Tankless Water Heater Considerations

If it is time to get a new water heater, you might be considering going tankless. There are a variety of tankless water heaters for homes of all sizes. It is important to weigh the pros and cons of such a shift before jumping in. There are many advantages to such a change but there may be some drawbacks as well.




  •       Convenience: With a tankless water heater, you no longer have to compromise on hot water usage. Your family can take a hot shower one after the other. The joys of continuous hot water cannot be overstated. They also take up much less room than traditional units.
  •       Eco-friendly: These units tend to be more efficient than traditional hot water heaters, possibly as much as 30 percent more efficient than a 50-gallon tank heater. This leads to monthly energy bill savings. Because they don’t have to keep water hot constantly, they are much more efficient. This could save you as much as 20 percent from your water heating bill alone. Electric modes also don’t produce greenhouse gases.
  •       Durable and reliable: Tankless units tend to last between 15 and 20 years. Most hot water heaters that rely on a tank need to be replaced every ten years. This means you can rely on them to deliver hot water when you need it. You also don’t have to worry about leaky tanks.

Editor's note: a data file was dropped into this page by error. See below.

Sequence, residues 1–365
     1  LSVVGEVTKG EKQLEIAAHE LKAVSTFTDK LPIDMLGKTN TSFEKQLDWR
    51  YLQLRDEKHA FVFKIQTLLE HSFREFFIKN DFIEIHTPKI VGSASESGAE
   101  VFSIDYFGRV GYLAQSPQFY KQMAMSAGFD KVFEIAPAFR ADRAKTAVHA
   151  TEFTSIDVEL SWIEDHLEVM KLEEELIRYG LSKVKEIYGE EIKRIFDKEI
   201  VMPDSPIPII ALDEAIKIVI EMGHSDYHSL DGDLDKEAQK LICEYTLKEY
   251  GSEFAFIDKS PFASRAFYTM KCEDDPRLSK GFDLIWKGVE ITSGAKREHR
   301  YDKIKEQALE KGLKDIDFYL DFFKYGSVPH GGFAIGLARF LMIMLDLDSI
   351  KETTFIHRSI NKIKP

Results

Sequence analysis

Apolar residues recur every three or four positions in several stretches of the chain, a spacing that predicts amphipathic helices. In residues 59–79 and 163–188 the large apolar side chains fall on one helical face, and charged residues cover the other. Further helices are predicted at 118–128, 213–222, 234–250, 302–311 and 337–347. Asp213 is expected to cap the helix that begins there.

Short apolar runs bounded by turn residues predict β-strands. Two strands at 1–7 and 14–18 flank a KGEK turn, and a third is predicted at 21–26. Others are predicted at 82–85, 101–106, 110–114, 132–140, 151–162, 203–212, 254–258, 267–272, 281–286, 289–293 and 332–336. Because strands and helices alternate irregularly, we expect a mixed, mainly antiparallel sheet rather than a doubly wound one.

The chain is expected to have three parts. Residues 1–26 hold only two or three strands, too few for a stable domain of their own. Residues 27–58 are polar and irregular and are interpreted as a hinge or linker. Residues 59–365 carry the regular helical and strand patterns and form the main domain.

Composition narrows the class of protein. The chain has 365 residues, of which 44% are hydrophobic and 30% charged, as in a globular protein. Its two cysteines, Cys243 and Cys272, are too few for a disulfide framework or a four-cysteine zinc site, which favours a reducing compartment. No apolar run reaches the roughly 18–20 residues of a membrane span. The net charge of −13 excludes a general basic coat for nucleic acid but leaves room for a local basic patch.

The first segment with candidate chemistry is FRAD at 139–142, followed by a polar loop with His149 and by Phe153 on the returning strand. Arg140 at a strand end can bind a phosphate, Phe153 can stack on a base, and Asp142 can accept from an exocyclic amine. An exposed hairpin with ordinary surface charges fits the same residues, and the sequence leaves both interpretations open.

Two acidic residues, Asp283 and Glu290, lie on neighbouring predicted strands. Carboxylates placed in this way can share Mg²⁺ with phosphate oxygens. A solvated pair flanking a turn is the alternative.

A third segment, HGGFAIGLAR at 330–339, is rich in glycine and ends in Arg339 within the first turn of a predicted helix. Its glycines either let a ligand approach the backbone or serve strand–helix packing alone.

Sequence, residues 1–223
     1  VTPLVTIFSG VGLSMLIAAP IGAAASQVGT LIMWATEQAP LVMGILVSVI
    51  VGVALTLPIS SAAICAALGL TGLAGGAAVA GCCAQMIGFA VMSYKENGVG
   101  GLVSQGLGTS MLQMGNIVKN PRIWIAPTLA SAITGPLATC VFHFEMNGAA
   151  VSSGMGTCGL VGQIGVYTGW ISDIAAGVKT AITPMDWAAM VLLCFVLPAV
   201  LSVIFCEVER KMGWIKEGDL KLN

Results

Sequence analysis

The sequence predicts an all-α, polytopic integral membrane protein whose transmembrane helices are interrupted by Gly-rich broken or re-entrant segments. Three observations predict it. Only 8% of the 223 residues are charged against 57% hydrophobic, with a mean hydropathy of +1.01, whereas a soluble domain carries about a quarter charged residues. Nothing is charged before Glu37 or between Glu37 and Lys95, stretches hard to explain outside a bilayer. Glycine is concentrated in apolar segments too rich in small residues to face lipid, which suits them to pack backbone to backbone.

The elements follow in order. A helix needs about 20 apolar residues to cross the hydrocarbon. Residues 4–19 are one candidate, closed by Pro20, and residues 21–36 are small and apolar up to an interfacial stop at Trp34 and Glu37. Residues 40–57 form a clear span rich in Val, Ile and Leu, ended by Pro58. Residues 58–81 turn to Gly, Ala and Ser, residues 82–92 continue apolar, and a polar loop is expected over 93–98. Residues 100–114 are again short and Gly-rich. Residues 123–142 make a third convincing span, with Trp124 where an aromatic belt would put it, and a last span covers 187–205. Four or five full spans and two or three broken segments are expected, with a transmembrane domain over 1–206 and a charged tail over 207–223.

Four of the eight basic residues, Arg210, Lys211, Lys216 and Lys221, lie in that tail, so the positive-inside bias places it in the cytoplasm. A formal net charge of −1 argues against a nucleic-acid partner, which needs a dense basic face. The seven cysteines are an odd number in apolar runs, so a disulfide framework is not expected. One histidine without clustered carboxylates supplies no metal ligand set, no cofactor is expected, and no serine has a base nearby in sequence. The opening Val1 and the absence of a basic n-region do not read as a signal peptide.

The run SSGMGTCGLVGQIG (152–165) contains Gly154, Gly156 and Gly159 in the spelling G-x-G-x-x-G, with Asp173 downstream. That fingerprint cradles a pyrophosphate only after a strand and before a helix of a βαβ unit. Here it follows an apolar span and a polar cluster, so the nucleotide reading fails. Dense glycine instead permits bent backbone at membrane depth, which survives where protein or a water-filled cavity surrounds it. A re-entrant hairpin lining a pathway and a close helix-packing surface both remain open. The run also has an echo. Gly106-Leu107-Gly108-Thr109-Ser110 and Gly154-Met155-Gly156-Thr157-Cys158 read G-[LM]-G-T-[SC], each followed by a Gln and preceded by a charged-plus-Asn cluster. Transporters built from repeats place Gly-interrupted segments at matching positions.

•       Clean: You get to enjoy clean, fresh water. With tankless, you don’t have to use water that may have been stored in an old tank that may have accumulated rust. A leaky or busted tank can also cause a lot of damage and lead to mold.
  •       Save space: Because most units are relatively small, they can be mounted under cabinets or in closets. They can even be installed on walls or outdoors. If you choose to mount a unit outside, make sure you have an anti-freeze kit.




  •       Up-front costs: One of the biggest disadvantages of tankless water heaters is the up-front costs. They can cost as much as twice that of conventional storage tanks. A traditional tank-style water heater usually starts around $800. Tankless models start around $1,600.
  •       Installation costs: These units need good venting which can be rather costly. There may be other installation costs associated as well. The necessary piping could add up. It all depends on your current situation. If you have hard water, you will need a water softener installed. Some units need to be retrofitted. This can add to the cost of the unit. A skilled plumber can provide the needed details. Gas units may need a larger natural gas line to provide enough fuel to the unit.
  •       Hot water output: The output is split among all your household fixtures. When choosing a model, this should definitely be taken into consideration. A unit that is too small might not be able to keep up with the output. You may need to run your water for a longer period of time while the heater heats up the water. A tank heater might feel like more instantaneous hot water.
  •       Energy requirements: Some models require a lot of energy.
  •       Other considerations: Gas units require annual servicing. Tankless heaters have minimum flow requirements to activate. Gas-powered units produce greenhouse gases that are not good for the environment.


In many cases, tankless water heaters are a good investment and offer many advantages. Take the time to compare the energy guide stickers on tank-style and tankless-style models. Weigh in any expenses associated with the switch. Consider the time necessary to regain costs. Your monthly savings may make the up-front costs worth it in the long run. Remember, most tankless models outlast traditional water heaters by five to ten years.